Shortly before J.J. Abrams’ Star Trek reboot warped into DVD and Blu-ray release in 2009, Paramount Home Entertainment released Star Trek: The Original Motion Picture Collection.
This seven-disc set consists of the six feature films starring the cast of Star Trek: The Original Series, Gene Roddenberry’s iconic TV show about the Starship Enterprise and its five-year mission in deep space.
Starring William Shatner as Admiral/Capt. James T. Kirk, Leonard Nimoy as Cmdr./Capt. Spock, DeForest Kelley as Dr. Leonard “Bones” McCoy, and James Doohan as Chief Engineer Montgomery Scott, Star Trek I-VI were reasonably successful at the box office and helped launch four TV spinoff series, including Star Trek: The Next Generation (ST-TNG).
The six Original Series films also blazed a path for four ST-TNG feature films ("Star Trek: Generations," "Star Trek: First Contact," "Star Trek: Insurrection" and "Star Trek: Nemesis."). This quartet was not as well-received as its Original Series forebears. It would take a seven-year hiatus and the hiring of J.J. Abrams and his creative team to return the Star Trek franchise to the big screen with 2009’s "Star Trek" and 2013’s "Star Trek Into Darkness."
The box set of Star Trek: The Original Motion Picture Collection includes:
• "Star Trek I: The Motion Picture' (1979)
• 'Star Trek II: The Wrath of Khan" (1982)
• "Star Trek III: The Search for Spock" (1984)
• "Star Trek IV: The Voyage Home" (1986)
• "Star Trek V: The Final Frontier" (1989)
• "Star Trek VI: The Undiscovered Country" (1991)
The seventh disc, 2009's "Star Trek: The Captains’ Summit," is a 70-minute-long round table discussion with William Shatner, Leonard Nimoy, Patrick Stewart, and Jonathan Frakes. Hosted by Whoopi Goldberg, who appeared in ST-TNG in a semi-regular basis as the Enterprise-D’s mysterious bartender Guinan, "Star Trek: The Captains’ Summit" gives fans candid insights, humorous anecdotes, and little-known details about life on the sets of The Original Series and ST-TNG.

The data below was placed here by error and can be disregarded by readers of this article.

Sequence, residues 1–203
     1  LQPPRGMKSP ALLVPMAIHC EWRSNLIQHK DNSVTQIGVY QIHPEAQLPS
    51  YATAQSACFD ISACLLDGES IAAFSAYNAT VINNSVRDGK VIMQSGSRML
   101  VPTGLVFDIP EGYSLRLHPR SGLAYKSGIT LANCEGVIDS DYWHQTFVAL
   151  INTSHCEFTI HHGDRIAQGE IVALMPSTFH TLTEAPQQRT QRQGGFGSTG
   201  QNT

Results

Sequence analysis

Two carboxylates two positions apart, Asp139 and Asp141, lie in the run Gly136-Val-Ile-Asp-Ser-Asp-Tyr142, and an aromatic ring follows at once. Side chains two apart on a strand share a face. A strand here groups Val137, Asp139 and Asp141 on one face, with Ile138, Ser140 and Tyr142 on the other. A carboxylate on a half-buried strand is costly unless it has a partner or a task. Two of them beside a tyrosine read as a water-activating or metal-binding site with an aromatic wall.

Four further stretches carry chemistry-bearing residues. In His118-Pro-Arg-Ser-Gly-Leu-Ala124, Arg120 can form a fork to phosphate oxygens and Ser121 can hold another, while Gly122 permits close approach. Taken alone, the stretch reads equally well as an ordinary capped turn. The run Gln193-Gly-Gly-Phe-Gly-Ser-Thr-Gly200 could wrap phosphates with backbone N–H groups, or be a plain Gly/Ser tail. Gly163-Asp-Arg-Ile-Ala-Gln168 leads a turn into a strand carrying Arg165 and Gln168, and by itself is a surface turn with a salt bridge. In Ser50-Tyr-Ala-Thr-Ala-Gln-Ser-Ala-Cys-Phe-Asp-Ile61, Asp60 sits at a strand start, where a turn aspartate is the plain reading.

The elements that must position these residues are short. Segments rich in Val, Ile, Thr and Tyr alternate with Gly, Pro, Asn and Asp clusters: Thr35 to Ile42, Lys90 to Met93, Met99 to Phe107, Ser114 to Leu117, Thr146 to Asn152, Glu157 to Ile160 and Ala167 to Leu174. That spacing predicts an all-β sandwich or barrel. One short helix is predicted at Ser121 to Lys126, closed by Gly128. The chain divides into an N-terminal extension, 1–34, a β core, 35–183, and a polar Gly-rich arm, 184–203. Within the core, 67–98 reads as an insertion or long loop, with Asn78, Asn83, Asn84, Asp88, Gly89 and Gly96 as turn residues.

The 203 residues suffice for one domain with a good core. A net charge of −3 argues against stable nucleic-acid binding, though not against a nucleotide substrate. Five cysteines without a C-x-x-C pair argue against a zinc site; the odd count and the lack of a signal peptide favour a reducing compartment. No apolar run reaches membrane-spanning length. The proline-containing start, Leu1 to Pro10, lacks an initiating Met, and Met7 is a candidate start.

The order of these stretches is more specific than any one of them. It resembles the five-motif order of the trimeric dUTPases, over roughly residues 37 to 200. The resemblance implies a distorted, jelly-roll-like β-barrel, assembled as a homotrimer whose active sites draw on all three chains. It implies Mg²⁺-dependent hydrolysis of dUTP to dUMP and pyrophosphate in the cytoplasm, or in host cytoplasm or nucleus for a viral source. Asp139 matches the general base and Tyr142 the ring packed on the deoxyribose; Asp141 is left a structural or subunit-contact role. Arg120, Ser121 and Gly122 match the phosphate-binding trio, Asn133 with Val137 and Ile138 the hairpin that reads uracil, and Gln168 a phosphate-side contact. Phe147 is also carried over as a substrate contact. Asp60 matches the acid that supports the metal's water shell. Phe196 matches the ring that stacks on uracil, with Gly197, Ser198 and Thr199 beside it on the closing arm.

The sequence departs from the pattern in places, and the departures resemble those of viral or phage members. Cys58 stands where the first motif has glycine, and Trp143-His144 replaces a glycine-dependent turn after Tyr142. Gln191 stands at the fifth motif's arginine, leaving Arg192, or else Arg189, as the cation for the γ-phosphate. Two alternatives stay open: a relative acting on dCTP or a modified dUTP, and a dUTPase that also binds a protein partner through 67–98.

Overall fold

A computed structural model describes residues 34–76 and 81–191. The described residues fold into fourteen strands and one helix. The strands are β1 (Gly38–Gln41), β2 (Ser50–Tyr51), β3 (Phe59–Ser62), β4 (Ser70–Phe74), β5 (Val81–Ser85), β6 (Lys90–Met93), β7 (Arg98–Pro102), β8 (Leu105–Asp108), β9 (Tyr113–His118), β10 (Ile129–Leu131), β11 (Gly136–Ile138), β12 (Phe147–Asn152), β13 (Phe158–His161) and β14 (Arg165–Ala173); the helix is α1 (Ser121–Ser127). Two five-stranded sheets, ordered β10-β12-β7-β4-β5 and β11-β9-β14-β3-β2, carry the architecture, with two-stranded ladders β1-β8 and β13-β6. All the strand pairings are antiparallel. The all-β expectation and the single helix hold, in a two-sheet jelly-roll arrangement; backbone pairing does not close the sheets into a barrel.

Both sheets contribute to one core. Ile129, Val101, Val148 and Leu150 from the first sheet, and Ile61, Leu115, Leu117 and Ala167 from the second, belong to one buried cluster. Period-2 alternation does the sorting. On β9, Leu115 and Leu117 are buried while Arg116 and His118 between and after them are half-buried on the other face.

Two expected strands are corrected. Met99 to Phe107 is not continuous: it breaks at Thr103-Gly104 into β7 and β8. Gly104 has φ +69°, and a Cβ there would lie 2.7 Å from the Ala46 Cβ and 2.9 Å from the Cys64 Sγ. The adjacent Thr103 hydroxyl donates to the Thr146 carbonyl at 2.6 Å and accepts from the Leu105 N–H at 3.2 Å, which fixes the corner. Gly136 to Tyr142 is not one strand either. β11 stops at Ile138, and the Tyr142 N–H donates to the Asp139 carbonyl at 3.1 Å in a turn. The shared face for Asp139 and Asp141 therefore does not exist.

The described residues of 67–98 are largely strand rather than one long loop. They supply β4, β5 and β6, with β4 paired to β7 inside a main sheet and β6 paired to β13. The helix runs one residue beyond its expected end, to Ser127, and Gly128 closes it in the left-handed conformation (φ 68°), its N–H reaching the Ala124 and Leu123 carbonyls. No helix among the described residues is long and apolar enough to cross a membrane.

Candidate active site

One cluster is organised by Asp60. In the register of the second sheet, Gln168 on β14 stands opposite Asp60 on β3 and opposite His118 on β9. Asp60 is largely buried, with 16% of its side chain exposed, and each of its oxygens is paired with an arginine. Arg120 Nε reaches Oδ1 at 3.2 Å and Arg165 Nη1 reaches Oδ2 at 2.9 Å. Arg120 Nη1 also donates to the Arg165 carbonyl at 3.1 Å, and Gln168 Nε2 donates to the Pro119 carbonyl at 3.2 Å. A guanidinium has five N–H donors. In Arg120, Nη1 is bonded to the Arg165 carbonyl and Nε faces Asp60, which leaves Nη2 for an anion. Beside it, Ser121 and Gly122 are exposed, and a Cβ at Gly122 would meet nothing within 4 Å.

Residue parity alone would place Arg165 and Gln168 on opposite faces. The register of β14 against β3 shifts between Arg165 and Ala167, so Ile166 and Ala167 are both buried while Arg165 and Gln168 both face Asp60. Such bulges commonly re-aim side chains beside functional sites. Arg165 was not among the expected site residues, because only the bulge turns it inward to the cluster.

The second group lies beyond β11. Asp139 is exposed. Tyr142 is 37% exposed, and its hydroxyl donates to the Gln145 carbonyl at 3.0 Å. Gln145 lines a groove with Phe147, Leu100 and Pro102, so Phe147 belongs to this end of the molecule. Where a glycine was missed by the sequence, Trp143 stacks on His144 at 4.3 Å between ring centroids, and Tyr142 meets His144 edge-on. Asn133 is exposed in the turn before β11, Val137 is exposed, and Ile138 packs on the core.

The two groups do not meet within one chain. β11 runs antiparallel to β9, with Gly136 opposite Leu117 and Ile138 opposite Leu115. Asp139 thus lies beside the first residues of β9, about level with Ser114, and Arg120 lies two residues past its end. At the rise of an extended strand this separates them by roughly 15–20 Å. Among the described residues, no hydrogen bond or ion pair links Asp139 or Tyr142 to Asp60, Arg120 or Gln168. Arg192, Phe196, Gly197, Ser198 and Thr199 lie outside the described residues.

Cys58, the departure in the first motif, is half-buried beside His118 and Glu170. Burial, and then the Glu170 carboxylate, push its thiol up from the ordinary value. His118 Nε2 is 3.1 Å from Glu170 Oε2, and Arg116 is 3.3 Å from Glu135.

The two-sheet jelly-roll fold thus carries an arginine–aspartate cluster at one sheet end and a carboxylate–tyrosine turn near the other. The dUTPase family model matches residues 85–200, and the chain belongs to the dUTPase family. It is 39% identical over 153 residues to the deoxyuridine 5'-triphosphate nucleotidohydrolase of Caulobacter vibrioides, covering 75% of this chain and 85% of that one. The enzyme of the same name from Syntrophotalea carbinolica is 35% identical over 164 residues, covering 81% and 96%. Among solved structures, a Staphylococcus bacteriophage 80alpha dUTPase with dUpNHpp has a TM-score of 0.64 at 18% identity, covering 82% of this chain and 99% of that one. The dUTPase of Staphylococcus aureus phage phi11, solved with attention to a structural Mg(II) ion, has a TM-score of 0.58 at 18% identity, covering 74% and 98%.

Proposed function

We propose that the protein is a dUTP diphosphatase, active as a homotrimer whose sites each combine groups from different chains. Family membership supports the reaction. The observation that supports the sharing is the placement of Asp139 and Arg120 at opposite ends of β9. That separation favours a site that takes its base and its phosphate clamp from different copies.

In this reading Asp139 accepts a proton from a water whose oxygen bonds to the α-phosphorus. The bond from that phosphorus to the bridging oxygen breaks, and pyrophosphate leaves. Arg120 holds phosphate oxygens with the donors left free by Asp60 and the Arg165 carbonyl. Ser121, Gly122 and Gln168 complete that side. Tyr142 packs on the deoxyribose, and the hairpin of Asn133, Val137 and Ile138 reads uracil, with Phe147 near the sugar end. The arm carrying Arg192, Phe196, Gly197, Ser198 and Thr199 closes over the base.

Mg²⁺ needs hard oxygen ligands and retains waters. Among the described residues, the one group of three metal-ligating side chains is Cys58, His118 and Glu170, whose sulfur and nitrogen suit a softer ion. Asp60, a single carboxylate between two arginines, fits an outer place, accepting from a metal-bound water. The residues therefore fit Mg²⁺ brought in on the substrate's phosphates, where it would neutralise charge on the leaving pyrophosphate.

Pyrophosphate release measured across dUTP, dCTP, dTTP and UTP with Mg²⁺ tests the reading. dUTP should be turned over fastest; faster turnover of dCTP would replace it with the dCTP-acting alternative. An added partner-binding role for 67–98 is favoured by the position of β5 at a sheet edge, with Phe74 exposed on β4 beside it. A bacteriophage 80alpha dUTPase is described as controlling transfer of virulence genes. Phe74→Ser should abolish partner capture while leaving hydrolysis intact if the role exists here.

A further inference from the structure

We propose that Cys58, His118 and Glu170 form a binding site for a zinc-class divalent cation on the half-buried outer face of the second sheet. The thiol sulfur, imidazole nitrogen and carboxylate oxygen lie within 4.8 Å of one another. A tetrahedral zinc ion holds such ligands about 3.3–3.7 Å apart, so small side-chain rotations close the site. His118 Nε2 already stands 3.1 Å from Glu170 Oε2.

In contrast to Paramount’s 2001-2004 Special Collector’s Edition DVD sets, Star Trek: The Original Motion Picture Collection presents the theatrical versions of the six feature films. Paramount decided to not duplicate the Special Collector’s Editions' features. Instead, the versions of the films included in Star Trek: The Original Motion Picture Collection are the ones released in theaters between 1979 and 1991. (Fans of director Nicholas Meyer’s "Star Trek VI: The Undiscovered Country" will see a previously unreleased version, since all the previous home video releases have included extra footage not seen in the theatrical version in 1991.)
Each of the movies, including the ponderous "Star Trek: The Motion Picture" and the lackluster "Star Trek V," have been digitally remastered in high definition and 7.1 Dolby TrueHD.
With the exception of "Star Trek: The Motion Picture," each film comes with two audio commentary tracks – one recorded for earlier DVD editions, the other recorded exclusively for the 2009 release.
For instance, perennial fan favorite "Star Trek II: The Wrath of Khan" comes with the following extra features:
• Audio commentaries: director Nicholas Meyer / Nicholas Meyer and Manny Coto
• Featurettes (High Definition): "James Horner: Composing Genesis," "A Tribute to Ricardo Montalban," "Collecting Star Trek's Movie Relics," "Starfleet Academy: The Mystery Behind Ceti Alpha VI"
• Featurettes (Standard Definition): "Captain's Log," "Designing Khan," "Where No Man Has Gone Before: The Visual Effects of Star Trek II: The Wrath of Khan," "The Star Trek Universe: A Novel Approach"
• Theatrical Trailers
With the exception of "Star Trek I," the movies come with many of the standard definition featurettes from the older Paramount Special Collector’s Edition sets. This may be in part because the 2001 Director’s Edition of "Star Trek I" has had more alterations than the others in the series.
Although some of the movies were not received warmly by either critics or Star Trek fans, this box set is still recommendable. The “Spock Trilogy” of Star Treks II-IV is still as fun and exciting as it was in the 1980’s, as is the Cold War-inspired "Star Trek VI." Even the slow-moving "Motion Picture" and runt-of-the-litter "Final Frontier" have their character-driven moments.